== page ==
Narcissus is a genus in the Amaryllidaceae family native to Europe, North Africa and Asia. As a popular garden plant it has been hybridized heavily, and there are new ones being introduced every year. Among all of the attention focused on the hybrids, species Narcissus tend to be overlooked. That's a shame, since many of the species have a delicate charm of their own.
Unfortunately, the naming of species Narcissus is a mess. Bulb expert Brian Mathew reports that they can be difficult to classify, with various authors identifying anywhere from 26 species to more than 60. Because Narcissus have been in cultivation for so long, some plants believed to be species are known only in gardens, with no known wild populations to verify them. All of this confusion is reflected in commerce, where bulbs may be sold under a variety of different names. We've done our best to classify the following photos, but this page is definitely a work in progress. Please let us know if you find an error. The species S-Z will be found below.
Note: The letter and number codes after each species name refer to Brian Mathew's taxonomy of Narcissus species, which you can read here.
Narcissus scaberulus. 1d(ii) - This species is endemic to a small area in northern central Portugal. An estimated 10,000 individuals occupy an area just over an estimated 400 square miles. Flowers are yellow, less than three quarters of an inch in diameter. Perianth segments are slightly reflexed, truncate to acute at the tip, and incurved at the margins. The corona is often more than half the width of the entire flower, cup shaped, often with a crenate margin. N. scaberulus grows up to ten inches tall, though usually shorter, with two to three flowers per umbel. It has prostrate or coiled leaves and one to three small flowers per umbel. Photos by Alessandro Marinello.
Narcissus serotinus. 2a(iii). N. serotinus is a white flowered Autumn flowering species native to much of Mediterranean coast, including islands, and coastal Morocco. It has also been reported as extending inland to southeastern Portugal and southwestern Spain. Reaching a height of five inches, the flowers are characterized by bright white, cuspidate, sometimes twisted or slightly reflexed tepals and a minuscule dark orange cup less than a tenth of an inch wide. The leaves appear after flowering. N. serotinus is sweetly scented and blooms in the vicinity of other Autumnal geophytes such as Colchicum filifolium, Prospero autumnale, and N. cavanillesii. Mathew noted that some botanists have identified varieties in this species, but he said they are doubtful. Usually carries one flower but sometimes two, or even three. Photos taken in habitat by Angelo Porcelli in Apulia - Italy.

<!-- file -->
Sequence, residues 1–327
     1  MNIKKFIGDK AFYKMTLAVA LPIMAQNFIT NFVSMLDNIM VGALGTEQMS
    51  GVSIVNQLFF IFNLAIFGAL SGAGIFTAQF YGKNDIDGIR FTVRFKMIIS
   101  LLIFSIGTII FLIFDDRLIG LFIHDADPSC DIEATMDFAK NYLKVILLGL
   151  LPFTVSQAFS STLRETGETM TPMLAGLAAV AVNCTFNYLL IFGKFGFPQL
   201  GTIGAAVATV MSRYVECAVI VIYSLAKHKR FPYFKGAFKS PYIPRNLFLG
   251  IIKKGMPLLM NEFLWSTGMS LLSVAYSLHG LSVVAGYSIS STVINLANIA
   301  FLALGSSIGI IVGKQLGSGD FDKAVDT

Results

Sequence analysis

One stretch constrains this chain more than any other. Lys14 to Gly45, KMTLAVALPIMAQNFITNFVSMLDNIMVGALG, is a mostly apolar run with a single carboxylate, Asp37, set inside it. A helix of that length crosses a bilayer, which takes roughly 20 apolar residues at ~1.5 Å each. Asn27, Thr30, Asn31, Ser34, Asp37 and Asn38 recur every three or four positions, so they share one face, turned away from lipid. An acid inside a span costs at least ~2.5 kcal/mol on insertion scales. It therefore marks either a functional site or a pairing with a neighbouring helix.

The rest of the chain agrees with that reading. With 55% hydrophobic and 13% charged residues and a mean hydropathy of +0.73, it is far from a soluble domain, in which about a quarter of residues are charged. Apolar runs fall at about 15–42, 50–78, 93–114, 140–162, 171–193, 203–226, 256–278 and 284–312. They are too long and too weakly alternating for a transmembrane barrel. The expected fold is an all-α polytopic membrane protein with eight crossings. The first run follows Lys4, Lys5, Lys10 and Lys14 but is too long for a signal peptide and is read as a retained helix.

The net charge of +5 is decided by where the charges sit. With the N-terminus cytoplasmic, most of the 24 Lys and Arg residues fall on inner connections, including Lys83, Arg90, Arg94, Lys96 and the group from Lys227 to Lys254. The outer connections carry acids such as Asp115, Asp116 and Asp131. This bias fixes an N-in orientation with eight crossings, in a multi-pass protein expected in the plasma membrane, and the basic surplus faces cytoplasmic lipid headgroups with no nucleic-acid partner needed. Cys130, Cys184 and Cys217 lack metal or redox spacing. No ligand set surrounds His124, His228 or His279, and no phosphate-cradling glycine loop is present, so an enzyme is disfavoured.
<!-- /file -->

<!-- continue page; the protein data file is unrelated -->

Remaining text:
Narcissus tazetta 2a(i)A - colored tazetta-like flowers. Up to 15 fragrant flowers in an umbel. Petals are white, and the corona orange or yellow. This species has naturalized from Europe to Asia. This is one of the better known flowers from the Mediterranean. Much loved for its sweet scent, it has been cultivated for centuries and spread around the world. A countless number of hybrids exist. This is one of the wild fertile forms found in Italy. Photo #1 in habitat by Angelo Porcelli. The next photo, by Jane McGary, shows wild plants of N. tazetta on the island of Marathonisi (ancient Krinai) off Gytheion in the Peloponnese, flowering at the end of October. Plants on Crete typically flower in early spring, however. Photos #3-4 were taken by Nhu Nguyen at the UC Botanical Garden. The plant material pictured came from Israel. Photo #5 shows wild collected fertile forms in Italy by Angelo Porcelli. All them have smaller florets than orientalis and italicus and they also have different scents. Photo #6 was taken by Mary Sue Ittner and identified as this species.
Narcissus triandrus. 1c - "angel's tears" daffodils. These drooping flowers have a rounded corona and swept-back petals, giving an overall look that's somewhat reminiscent of a miniature shuttlecock. They bloom in spring. Louise Beebe Wilder called them "a priceless gift from the Spanish Peninsula to the gardening world." This is either a species with several variants, or a group of several closely related species. Mathew classifies it as a single variable species. Usually represented in cultivation by the creamy white form shown in the photo. It is an adaptable plant (the one shown is growing on a peaty rock garden bed that is watered frequently in summer) and often self-sows in gardens. Photo by Jane McGary.
Narcissus triandrus var. cernuus. (syn. N. triandrus albus) Pale yellow or cream. Leaves about 2 mm wide. Spain and Portugal.
Narcissus triandrus var. concolor (syn. N. triandrus ssp. pallidulus , N. pallidulus, N. lusitanicus). Yellow flowers. Spain and Portugal.
Narcissus triandrus var. loiseleurii (syn. N. triandrus ssp. capax) Like var. triandrus, but with white flowers. France.
Narcissus triandrus var. triandrus. Pale yellow or white, leaves are 4–5 mm wide. Spain.
Narcissus viridiflorus. 1d(iii). The green Narcissus. Strongly scented green flowers in fall, one to five in an umbel. Louise Beebe Wilder called it "a strange spidery, almost evil-looking flower." It is from Spain, Morocco, and Gibraltar where it grows in rocky places. It needs a warm rest in order to flower. Photos by John Lonsdale and Alessandro Marinello.
Narcissus index - Overview of the Narcissus species - Narcissus Species A-B - Narcissus Species C - Narcissus Species D-J - Narcissus Species K-O - Narcissus Species P - Narcissus Species Q-R - Narcissus hybrids - Division 1 - Division 2 - Division 3 - Division 4 - Division 5 - Division 6 - Division 7 - Division 8 - Division 9 - Division 10 - Division 11 - Division 12 - Miniatures